Pet laser therapy can help with pet pain and post veterinary surgery healing. Pain is a part of life, but when it starts to take over quality of life, it’s time to kick it to the curb. While there is a place for medication when it comes to mitigating pain, there is a powerful alternative for pets coping with wounds, arthritis, and the healing process following surgery. Laser therapy, an FDA-approved modality, is on the cutting edge of veterinary medicine, and helps us deliver the highest care possible to our patients struggling with certain health issues.

Safe and Incredibly Sound

Laser therapy employs a cold laser as opposed to surgical laser designed to cut. The light emanating from the laser has been found to have therapeutic qualities for over 40 years. The light energy is passed from a handheld probe in the form of photons to the area of focus on a pet’s body. This safe procedure uses light energy to help cells produce and function the way they should, and: Continue…

Decoding Pet Urinary Problems

Most pet urinary problems need to be treated by a veterinarian near me.Almost nothing is more frustrating than a pet who is urinating in an inappropriate place. Not all issues related to the urinary tract are created, equal, though. Advantage Veterinary Center wants to shed a little light on decoding pet urinary problems for our fed up pet owners.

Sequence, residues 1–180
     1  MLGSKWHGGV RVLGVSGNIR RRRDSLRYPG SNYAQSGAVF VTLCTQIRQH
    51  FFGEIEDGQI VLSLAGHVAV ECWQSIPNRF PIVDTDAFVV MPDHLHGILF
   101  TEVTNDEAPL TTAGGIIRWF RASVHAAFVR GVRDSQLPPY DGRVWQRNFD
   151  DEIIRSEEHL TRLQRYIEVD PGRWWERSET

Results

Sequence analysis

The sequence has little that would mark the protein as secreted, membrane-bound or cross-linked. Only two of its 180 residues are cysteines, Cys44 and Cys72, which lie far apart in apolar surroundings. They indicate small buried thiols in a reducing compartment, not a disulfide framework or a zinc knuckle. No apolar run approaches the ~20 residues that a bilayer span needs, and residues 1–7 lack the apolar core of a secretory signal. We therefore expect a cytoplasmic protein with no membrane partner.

Sometimes There’s a Medical Issue

Pet urinary problems may present in several ways. There may be increased or decreased frequency of urination, straining to urinate, blood in the urine, loss of housetraining, or urinating in inappropriate areas. The hard part lies in the fact that no matter the underlying cause of the issue, the symptoms often appear similarly.

We do see urinary troubles related to true medical problems in our patients on a regular basis. We may find a pet is experiencing symptoms due to: Continue…

The Heartbreak of Heartworm Disease

Heartworm disease can be devastating. Talk to your veterinarian about heartworm preventives.Mosquitos are arguably one of the most reviled insects on Earth. Besides causing their annoying buzzing and painful, itchy bites, mosquitoes are responsible for spreading some of the most damaging and deadly vector-borne diseases to both people and animals.

Heartworm disease is one of the worst illnesses our pets can contract from mosquitoes, and regular screening, along with year-round prevention, is the best way to protect them.

Understanding Heartworm Disease

Heartworm disease is caused by a parasite, Dirofilaria immitis, which is transmitted by mosquitoes. A mosquito picks up the parasite in its microscopic stage by feeding on an infected animal, such as a dog, coyote, raccoon, or opossum, and can pass it along to a different animal during a subsequent feeding. Continue…

Healthy Bites: Pet Dental Care Decoded

Pet dental care supports pet health and pet wellness.Can you imagine never brushing your teeth or visiting the dentist for a cleaning and checkup? Unfortunately, this is a common scenario for many pets, and as a result, the vast majority suffer from some form of dental disease.